This article highlights the usefulness of family trees for visualizing and understanding changing patterns of kin dispersion over time. Such spatial patterns are important in gauging how families influence outcomes such as health and social mobility. The article describes how rapidly growing families, originally from England, dispersed over the US North and established hubs where they originally settled that lasted hundreds of years, even as they repeated the process moving West. Fathers lived much closer to their adult sons in 1850 than they do today and many more had an adult son within a radius of 30 miles. Big Data from genealogical websites is now available to map large numbers of families. Comparing one such data set with the US Census of 1880 shows that the native-born population is well represented, but there are not as many foreign born or African Americans in these data sets. Pedigrees become less and less representative the further back in time they go because they only include lines that have survived into the present. Despite these and other limitations, Big Data make it possible to study family spatial dispersion going back many generations and to map past spatial connections in a wider variety of historical contexts and at a scale never before possible.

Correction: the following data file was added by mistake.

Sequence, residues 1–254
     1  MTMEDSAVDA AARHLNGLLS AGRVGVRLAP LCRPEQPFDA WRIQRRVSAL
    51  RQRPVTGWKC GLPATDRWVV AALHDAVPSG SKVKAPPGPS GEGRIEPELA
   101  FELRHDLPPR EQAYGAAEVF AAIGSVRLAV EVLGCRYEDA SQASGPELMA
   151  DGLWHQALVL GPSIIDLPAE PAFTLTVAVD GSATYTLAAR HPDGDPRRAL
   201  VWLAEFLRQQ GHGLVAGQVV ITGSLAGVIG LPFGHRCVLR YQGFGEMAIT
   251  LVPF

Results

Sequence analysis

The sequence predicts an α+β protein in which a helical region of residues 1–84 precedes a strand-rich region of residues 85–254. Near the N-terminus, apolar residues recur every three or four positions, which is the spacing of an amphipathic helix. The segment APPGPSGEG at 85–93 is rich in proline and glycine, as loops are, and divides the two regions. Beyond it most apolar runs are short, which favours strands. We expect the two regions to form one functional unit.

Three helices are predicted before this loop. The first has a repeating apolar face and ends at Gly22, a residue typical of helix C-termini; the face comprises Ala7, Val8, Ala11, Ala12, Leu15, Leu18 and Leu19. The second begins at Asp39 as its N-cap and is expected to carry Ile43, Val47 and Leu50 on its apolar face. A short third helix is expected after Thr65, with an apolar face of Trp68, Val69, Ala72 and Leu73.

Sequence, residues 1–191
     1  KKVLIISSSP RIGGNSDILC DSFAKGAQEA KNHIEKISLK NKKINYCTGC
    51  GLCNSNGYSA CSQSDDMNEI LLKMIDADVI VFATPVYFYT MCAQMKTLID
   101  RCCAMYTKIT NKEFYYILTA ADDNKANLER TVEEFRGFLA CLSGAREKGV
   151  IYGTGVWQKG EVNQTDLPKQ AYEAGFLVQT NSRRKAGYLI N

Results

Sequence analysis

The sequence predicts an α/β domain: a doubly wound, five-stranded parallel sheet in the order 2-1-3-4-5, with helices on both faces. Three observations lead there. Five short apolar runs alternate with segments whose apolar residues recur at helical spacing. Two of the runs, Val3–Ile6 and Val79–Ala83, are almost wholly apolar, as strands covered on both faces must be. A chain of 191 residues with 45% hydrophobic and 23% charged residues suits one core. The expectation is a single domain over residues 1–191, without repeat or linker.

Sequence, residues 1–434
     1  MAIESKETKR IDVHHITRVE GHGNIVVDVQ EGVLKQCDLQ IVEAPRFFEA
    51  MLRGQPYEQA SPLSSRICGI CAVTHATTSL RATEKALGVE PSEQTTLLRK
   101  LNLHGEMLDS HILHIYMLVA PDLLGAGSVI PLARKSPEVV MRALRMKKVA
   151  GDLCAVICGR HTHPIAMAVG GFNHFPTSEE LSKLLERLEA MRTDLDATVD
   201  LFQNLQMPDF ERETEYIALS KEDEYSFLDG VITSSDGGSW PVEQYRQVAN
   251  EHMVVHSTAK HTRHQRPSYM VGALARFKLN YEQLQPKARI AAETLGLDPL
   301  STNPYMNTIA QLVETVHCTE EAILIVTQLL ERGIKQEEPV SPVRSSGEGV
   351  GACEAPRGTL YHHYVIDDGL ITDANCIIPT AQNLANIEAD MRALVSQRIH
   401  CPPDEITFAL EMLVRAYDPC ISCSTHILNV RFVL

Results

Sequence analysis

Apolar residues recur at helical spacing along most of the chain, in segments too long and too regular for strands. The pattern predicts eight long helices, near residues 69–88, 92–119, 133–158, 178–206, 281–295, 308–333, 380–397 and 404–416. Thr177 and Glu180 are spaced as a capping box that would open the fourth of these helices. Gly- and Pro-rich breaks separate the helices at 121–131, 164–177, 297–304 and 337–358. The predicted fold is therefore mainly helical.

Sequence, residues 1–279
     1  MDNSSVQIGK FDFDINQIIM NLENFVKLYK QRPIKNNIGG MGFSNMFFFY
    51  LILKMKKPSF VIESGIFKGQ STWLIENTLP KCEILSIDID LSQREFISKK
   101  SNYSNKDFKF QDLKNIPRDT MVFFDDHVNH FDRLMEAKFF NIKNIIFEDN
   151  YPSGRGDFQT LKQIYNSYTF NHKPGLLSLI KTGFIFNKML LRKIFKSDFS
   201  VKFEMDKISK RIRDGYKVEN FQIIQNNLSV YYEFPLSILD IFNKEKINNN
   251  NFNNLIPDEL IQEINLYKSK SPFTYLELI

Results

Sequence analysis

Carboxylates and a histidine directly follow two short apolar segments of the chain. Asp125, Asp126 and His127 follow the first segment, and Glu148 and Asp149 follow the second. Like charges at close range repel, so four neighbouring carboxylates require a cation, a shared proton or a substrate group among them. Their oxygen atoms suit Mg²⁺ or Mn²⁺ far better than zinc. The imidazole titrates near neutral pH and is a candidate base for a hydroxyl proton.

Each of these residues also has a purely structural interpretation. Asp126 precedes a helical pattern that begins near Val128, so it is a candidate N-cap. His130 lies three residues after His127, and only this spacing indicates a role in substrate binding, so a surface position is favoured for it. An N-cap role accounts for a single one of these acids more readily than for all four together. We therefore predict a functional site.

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pp. 1-29
Launched on MUSE
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